Seamus and I both came of age at a time where the long-running campaign was considered the platonic ideal of the role-playing game. There’s a lot of historical justification for this; the ‘campaign’ as an innovation in the wargaming space was one of the things that led to interest in the character-driven gaming that eventually became Dungeons and Dragons. The campaign as a procedure within a game, though, has been somewhat of a stagnant thing. Even as games continue to push on notions of advancement and other structures which define how events progress across multiple gaming sessions, it’s still assumed that a long-running game would be played in a series of continuous sessions by a consistent group of players. 15 years ago, a known luminary in the RPG design space ran a campaign that worked quite differently, creating ripples across the hobby. I’m of course talking about Ben Robbins’ West Marches.

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Meet the Campaign: Star Wars: Inquisitorius

Listen, I don’t care if you don’t want to sign up with the Alliance. We’re not exactly the conscription types, you should know that. But you’ve got to admit, if you can touch the Force? The Empire is going to be hunting you. If you signed up we’d protect you, yes, but if you’re going to keep ‘listening to the Force and following your Destiny’, we still don’t want you caught. Moral considerations aside, we don’t need more redblades getting added to the roster. Alliance Special Operations has put together some dossiers on Inquisitorius agents. If you have nothing else to do with us I still want you to read these and be careful – we lost people getting this information, make it worth it.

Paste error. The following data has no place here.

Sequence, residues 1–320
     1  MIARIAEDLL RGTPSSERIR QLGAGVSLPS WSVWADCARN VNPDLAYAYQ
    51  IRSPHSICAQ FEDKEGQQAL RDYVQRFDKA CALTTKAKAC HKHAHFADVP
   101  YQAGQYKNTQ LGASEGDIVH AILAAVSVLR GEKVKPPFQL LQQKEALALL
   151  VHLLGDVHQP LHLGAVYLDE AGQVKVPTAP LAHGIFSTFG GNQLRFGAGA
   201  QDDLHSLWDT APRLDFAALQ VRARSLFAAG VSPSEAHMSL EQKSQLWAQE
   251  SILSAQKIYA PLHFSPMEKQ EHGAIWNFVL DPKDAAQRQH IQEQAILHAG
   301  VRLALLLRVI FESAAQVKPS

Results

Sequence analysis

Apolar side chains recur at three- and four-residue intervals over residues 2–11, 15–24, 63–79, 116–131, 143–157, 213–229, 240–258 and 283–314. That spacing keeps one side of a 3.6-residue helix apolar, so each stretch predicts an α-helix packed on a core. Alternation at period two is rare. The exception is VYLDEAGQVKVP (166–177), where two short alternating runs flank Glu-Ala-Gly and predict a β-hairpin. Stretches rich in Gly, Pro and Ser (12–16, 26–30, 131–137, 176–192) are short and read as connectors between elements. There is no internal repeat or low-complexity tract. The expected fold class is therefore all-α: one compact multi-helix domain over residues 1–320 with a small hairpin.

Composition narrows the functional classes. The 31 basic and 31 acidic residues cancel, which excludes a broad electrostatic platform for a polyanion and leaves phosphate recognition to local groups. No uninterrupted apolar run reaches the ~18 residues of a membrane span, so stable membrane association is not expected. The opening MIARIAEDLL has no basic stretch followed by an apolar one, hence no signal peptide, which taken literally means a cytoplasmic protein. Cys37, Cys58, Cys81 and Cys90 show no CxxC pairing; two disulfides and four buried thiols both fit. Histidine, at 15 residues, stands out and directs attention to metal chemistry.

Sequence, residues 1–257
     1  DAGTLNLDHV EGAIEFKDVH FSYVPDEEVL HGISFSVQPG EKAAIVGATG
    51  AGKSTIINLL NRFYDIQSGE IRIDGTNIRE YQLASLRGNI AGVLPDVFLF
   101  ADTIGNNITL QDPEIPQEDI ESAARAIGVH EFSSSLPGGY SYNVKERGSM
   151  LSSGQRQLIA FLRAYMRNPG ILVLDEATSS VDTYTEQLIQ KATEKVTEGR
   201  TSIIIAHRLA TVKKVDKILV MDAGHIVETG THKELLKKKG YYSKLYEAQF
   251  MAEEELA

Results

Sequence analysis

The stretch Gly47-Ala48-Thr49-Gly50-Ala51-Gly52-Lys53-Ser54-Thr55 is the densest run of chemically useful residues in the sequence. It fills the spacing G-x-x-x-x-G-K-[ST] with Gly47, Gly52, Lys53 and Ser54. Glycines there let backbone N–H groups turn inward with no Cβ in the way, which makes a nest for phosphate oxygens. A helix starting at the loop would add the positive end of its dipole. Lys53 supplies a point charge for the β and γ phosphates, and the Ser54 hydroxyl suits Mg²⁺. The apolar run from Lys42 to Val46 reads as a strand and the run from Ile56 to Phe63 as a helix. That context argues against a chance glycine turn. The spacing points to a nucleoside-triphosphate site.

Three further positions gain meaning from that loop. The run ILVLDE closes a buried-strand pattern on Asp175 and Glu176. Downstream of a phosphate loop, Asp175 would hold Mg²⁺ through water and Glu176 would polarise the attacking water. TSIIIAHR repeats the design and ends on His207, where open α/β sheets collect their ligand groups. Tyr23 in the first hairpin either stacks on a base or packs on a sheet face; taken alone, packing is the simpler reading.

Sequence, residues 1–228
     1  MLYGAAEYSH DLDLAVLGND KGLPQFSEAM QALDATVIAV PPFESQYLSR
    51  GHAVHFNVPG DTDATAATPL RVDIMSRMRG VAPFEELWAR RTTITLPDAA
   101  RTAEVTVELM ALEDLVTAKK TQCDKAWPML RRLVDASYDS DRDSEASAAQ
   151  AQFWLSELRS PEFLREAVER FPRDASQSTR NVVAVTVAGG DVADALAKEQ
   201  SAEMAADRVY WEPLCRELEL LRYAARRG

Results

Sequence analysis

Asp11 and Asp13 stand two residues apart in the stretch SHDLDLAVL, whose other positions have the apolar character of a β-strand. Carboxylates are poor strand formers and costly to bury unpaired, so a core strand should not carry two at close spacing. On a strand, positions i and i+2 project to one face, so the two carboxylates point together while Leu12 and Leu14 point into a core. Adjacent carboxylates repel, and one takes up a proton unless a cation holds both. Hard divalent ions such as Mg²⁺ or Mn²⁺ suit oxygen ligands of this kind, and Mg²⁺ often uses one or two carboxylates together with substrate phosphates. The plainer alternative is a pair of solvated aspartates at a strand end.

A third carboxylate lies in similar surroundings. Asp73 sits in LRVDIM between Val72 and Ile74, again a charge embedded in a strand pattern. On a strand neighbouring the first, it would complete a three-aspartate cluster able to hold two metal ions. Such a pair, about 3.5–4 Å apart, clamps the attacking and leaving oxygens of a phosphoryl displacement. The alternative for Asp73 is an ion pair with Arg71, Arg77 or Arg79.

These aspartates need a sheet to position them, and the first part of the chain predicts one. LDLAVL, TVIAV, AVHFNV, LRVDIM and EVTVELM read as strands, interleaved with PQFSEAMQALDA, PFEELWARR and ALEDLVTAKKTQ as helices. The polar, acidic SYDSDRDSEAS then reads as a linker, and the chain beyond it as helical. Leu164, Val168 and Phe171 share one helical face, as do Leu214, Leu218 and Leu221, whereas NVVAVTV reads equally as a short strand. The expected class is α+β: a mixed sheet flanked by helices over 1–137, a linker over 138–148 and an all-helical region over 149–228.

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Meet the Campaign: Star Wars: A Rebellion Divided

The Galactic Empire brings safety, security, prosperity, and progress to every planet that welcomes its care . . . or so the story goes, anyways. On one Outer Rim world, at first that all seemed true: oppressive nobles were overthrown, social mobility increased, and industry flourished. However, in the mines and the ‘reeducation’ camps the truth of Imperial rule can be found for those brave and/or unfortunate enough to uncover it. The Rebellion fights here despite the Empire’s good publicity, but what path will the different cells take to freedom? How will new additions to the base upset the balance? Check your power packs and calibrate your blaster’s sights, we’re joining up with the rebels of Jumar Base!